So let’s firstly fill in the entries for the coefficient matrix, that is, the coefficients for our variables. Remember to be careful with the negative 𝑦 in the first equation because the coefficient is negative one. You can see now why we rewrote the equations in this way to include the zero coefficients. The variable matrix consists of the variables in our system. That’s 𝑥, 𝑦, and 𝑧. And finally, the constant matrix consists of the constants for our system of equations. That’s 23, 13, and 51.

Now, we can start thinking about applying Cramer’s rule. To do this, we’re going to need Δ sub 𝑥, Δ sub 𝑦, Δ sub 𝑧, and Δ. At this point, we remember that Δ sub 𝑥, Δ sub 𝑦, and Δ sub 𝑧 are the determinants of the matrices that are formed as a result of substituting the elements of the constants matrix with the elements of the columns of the 𝑥-, 𝑦-, and 𝑧-coefficients. So let’s go ahead and find the values for Δ sub 𝑥, Δ sub 𝑦, and Δ sub 𝑧.

Δ sub 𝑥 is the determinant of the matrix we get when we take the coefficient matrix and substitute the elements from the constant matrix with the elements from the column of the 𝑥-coefficients, that is, the determinant of the matrix 23, negative one, four, 13, five, zero, 51, zero, three. At this point, we can recall how we find the determinant of a three-by-three matrix. We use this formula, which involves finding determinants of two-by-two matrices, known as the cofactors of the three-by-three matrix. So let’s use this to find Δ 𝑥.

Notice how we have a minus negative here, so we can write this as a plus. We can now work this out by calculating the determinants of each of these cofactor matrices. The determinant of the first cofactor matrix is found by doing five multiplied by three minus zero multiplied by zero. That gives us 15. Then, we can find the determinant of the second cofactor matrix. We do this by doing 13 multiplied by three minus zero multiplied by 51. That gives us 39. Finally, we find the determinant of the last cofactor matrix. And we do this by doing 13 multiplied by zero minus five multiplied by 51. That gives us negative 255.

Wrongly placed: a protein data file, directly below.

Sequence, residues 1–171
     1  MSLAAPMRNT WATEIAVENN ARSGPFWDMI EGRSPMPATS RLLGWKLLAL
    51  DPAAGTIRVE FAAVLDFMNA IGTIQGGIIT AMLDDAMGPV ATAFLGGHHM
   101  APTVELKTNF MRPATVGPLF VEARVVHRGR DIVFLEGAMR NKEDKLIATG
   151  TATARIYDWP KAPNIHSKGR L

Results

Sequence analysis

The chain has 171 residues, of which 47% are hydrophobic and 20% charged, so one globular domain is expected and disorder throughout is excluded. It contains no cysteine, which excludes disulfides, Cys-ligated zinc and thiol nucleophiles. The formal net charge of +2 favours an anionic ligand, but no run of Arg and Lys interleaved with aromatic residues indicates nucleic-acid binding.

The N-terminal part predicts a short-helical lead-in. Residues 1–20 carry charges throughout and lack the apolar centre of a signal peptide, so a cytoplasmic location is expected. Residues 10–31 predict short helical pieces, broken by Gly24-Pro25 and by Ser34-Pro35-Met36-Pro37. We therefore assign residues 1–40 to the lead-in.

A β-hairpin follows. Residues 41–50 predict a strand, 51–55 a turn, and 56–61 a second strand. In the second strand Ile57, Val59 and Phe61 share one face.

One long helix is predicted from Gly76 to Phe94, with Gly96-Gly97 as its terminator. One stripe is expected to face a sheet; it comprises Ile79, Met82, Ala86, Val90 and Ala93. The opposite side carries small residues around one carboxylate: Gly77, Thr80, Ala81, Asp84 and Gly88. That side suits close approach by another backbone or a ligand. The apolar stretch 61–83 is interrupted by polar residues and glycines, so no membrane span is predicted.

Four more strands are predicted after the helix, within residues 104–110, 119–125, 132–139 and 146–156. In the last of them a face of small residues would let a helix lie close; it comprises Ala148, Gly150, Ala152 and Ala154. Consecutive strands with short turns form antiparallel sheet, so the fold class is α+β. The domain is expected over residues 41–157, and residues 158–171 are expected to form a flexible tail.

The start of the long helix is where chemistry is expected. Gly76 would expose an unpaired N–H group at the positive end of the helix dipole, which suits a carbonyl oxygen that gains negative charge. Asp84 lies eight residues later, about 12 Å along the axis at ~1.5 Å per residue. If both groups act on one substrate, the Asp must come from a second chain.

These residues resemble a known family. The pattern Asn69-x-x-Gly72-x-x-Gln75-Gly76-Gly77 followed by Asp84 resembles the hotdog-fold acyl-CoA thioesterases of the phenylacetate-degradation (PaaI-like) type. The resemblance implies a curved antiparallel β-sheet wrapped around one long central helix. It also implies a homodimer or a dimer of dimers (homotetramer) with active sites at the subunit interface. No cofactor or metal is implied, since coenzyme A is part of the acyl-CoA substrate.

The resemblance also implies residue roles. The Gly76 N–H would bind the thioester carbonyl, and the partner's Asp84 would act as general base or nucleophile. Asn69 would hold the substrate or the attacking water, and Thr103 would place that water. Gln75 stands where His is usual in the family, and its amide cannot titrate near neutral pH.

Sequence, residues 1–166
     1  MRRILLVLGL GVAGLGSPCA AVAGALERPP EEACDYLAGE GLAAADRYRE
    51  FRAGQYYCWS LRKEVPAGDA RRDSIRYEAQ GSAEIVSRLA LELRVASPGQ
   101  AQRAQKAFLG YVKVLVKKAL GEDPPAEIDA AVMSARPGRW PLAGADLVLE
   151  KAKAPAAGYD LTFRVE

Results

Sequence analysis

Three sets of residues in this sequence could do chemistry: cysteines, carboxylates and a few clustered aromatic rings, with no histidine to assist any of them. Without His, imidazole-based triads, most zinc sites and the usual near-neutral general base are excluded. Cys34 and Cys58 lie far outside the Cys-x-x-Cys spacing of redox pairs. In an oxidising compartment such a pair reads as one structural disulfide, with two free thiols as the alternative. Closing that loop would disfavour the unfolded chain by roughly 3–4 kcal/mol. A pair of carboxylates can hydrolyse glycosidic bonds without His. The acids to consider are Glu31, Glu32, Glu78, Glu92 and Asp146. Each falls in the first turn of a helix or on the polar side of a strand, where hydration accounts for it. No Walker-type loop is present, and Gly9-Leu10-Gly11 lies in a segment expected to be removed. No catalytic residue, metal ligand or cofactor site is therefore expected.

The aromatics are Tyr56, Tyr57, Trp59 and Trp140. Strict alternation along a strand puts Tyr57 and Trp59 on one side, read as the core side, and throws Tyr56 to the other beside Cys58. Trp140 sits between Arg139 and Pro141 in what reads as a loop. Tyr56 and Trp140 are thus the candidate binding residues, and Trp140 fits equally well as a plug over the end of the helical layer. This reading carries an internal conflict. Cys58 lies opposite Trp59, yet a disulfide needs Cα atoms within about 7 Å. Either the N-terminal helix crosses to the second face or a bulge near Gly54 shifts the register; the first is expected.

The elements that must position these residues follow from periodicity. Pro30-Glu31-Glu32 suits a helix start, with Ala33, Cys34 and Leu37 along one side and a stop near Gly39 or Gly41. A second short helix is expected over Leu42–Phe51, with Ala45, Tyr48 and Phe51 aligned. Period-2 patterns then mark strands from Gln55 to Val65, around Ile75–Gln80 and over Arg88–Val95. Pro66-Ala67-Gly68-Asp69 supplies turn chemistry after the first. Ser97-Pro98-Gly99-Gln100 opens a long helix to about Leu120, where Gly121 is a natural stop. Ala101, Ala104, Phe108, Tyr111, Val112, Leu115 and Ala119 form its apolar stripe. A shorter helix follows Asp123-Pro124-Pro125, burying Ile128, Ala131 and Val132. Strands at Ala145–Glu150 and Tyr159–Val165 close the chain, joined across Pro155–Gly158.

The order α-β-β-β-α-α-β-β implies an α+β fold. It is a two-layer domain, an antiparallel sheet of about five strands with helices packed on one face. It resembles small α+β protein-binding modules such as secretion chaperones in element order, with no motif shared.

So I’m now going to substitute in these values. So we just need to calculate 23 multiplied by 15 add one multiplied by 39 add four multiplied by negative 255. And we can calculate this to be negative 636. So we found Δ sub 𝑥 to be negative 636.

We can now calculate Δ sub 𝑦 using the exact same method. I’ll clear some space first. Δ sub 𝑦 is the matrix we get when we substitute the elements of the constant matrix with the coefficients for 𝑦 from the coefficient matrix. And we’ll use the same method we just used to find the determinant for this matrix. From here, we once again calculate the determinant of these cofactors. That’s going to be 39, six, and 167. So then we calculate zero multiplied by 39 minus 23 multiplied by six add four multiplied by 167. And that gives us 530. So Δ sub 𝑦 is 530.

And by the same process, we’ll now calculate Δ sub 𝑧. We find Δ sub 𝑧 by finding the determinant of the matrix that we get when we substitute the elements of the constant matrix with the coefficients of 𝑧 from the coefficient matrix. Then, we can use the same method to find the determinant. We then calculate the determinants of the cofactors, that is, 255, 167, and 25. So now, we can calculate zero multiplied by 255 add one multiplied by 167 add 23 multiplied by 25. And we find that gives us 742. So Δ sub 𝑧 equals 742.

So the final thing we need to find is Δ. Δ is the determinant of the coefficient matrix. So one more time, we’re going to use the same method to find the determinant of this three-by-three matrix. Again, we need to find the determinant of each of these cofactor matrices. We find the first one to be 15. The second one is six. And the third one is 25. So we then calculate zero multiplied by 15 add one multiplied by six add four multiplied by 25. And that gives us 106. So Δ equals 106.

Now we have all of the components that we need to use Cramer’s rule. We have Δ sub 𝑥, Δ sub 𝑦, Δ sub 𝑧, and Δ. So we can now substitute these values into the unique solution from Cramer’s rule to find our values for 𝑥, 𝑦, and 𝑧. Starting with 𝑥 equals Δ sub 𝑥 over Δ and as we found Δ sub 𝑥 to be negative 636 and Δ to be 106, 𝑥 is therefore equal to negative 636 over 106. As 106 goes into 636 six times, this is just negative six. Cramer’s rule also tells us that 𝑦 is equal to Δ sub 𝑦 over Δ. That’s 530 over 106. And as 530 divided by 106 is five, we have that 𝑦 is equal to five. And finally, we find 𝑧 by doing Δ sub 𝑧 over Δ. That gives us 742 over 106. And 742 divided by 106 is just seven.

So our final answer is 𝑥 equals negative six, 𝑦 equals five, and 𝑧 equals seven.